5 Bette Midler Covers That Completely Reinvented the Original Recordings
By Josh Lezmi
April 1, 2020
Often bringing an added degree of emotion or a musical approach starkly contrasting the original song, The Divine Miss M has covered several hit numbers in her years as an ever-influential original Diva.
Below, please find five songs that Bette Midler completely reinvented with a memorable rendition. While the original recordings all deserve praise and recognition, this list will highlight how Bette Midler brought a unique and seemingly better-suited styling to each tune.
1. “Delta Dawn:” Performed previously by Tanya Tucker and Helen Reddy
Tanya Tucker’s original “Delta Dawn” boasts a country twang and a moderately fast pace; the recording has a sing-a-long nature, making it perfect for campfire hours. Helen Reddy’s later recording — picking up the pace — almost wholly erases the song’s somber essence, which Midler brings to the forefront.
When Bette Midler recorded “Delta Dawn” for The Divine Miss M, she opened with a soft yet piercing tone, transforming the number’s onset into a slow ballad, perfectly complementing the song’s tender narrative. When slowed down — as to be pondered — the pensiveness and poignancy inherent to the lyrics come forward. With Mider’s recording, each line punctures the heart — from “her daddy still called her baby” to “she walks downtown with a suitcase in her hand.” The lyrics do not pass you by, they pass through you as if the song was waiting to be a deeper, more reflective ballad all along.
2. “Miss Otis Regrets:” Performed previously by Douglas Byng, Ethel Waters, and Ella Fitzgerald
Most recordings of “Miss Otis Regrets” are slow, recounting Miss Otis’ final act. Before she is hung upon a willow tree, she shoots her cheating lover down, which leads her “so far astray.” While Fitzgerald’s and other earlier recordings victimize Miss Otis, aligning the musical approach with the character’s sorrowful and regret mental space, Midler picks up the pace.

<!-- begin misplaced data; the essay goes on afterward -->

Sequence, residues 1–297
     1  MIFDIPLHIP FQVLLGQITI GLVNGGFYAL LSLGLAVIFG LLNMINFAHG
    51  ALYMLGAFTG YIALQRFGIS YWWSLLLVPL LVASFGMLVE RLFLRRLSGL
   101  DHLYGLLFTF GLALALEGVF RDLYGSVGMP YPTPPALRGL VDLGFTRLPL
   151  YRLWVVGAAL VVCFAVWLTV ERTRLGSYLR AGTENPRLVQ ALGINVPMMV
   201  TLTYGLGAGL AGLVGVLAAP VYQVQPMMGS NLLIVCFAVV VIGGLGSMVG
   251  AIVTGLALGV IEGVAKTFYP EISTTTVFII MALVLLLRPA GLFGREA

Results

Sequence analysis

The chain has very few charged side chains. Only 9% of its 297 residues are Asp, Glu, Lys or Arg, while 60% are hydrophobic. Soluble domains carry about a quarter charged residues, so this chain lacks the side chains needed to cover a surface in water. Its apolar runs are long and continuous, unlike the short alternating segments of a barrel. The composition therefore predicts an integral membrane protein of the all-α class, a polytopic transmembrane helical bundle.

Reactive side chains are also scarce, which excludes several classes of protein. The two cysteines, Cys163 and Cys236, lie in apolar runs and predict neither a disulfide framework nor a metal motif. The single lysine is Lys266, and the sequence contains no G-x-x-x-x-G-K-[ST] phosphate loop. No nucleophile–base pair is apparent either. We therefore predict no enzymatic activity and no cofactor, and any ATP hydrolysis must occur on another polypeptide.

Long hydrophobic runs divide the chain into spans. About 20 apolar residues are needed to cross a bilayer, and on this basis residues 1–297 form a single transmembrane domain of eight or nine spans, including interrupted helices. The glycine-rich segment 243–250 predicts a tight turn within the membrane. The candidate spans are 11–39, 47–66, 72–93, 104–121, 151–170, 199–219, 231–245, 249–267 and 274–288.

Midler turns “Miss Otis Regrets” into a fast and catchy tune, and while Miss Otis knows she has done wrong, some of the attached guilt is removed, as if owning the action with just a bit of vindication and pride. “Sorry, she can’t make it to lunch because she killed the bastard,” instead of, “Sorry, she can’t make it to lunch for she must pay the price for her momentary lapse in judgment.”
Midler modernizes the number for a 1990s Divine Miss M fan base, who loves to watch and listen to a powerful woman in her prime own her actions.
3 and 4. “E-Street Shuffle / Leader of the Pack:” Originally performed by Bruce Springsteen and The Shangri Las respectively
Bruce Springsteen’s “E-Street Shuffle” has that classic Bruce, Jersey boy essence: it’s got a fast and fun vibe and shows off Springsteen’s captivating shtick for storytelling. However, Midler also retains that shtick. For, the Divine has always said, she is first and foremost an entertainer.
Midler uses her voice to get across the “E-Street Shuffle” setting — extending certain notes and using a breathy delivery to capture the summer heat and environment. Instead of merely recounting the days as if flipping through a scrapbook, she enters the nostalgiac neighborhood, placing herself within the story, as opposed to commenting on it. Thus, her transition into The Shangri-Las’ “Leader of the Pack,” in which she falls for the song’s male protagonist, is all the more apropos.
She falls in love, and she falls to the stage. She whimpers and reflects, remembering the boy, and closing her romantic escapade with a return to “E-Street Shuffle” — a return to the neighborhood and the hot summer day that started it all.
5. “Waterfalls:” Originally performed by TLC
No one will deny that TLC’s “Waterfalls” is perfect in every way. From the beautiful harmonizing to the impactful lyrics, TLC’s “Waterfalls” remains one of, if not the group’s most famous recording. However, Bette Midler brings a degree of personal pain to the song, whereas there seems to exist a degree of separation between the group and the character they are discussing.
Bette Midler seemingly comes across as a mother (or the mother) in the song, changing the perspective to one of intimate relatability; thus, slowing it down is appropriate, for the vocalist’s identity shift requires a change of pace — one from commentary to reflection. One from a lesson to be a taught to a tearful message to be understood.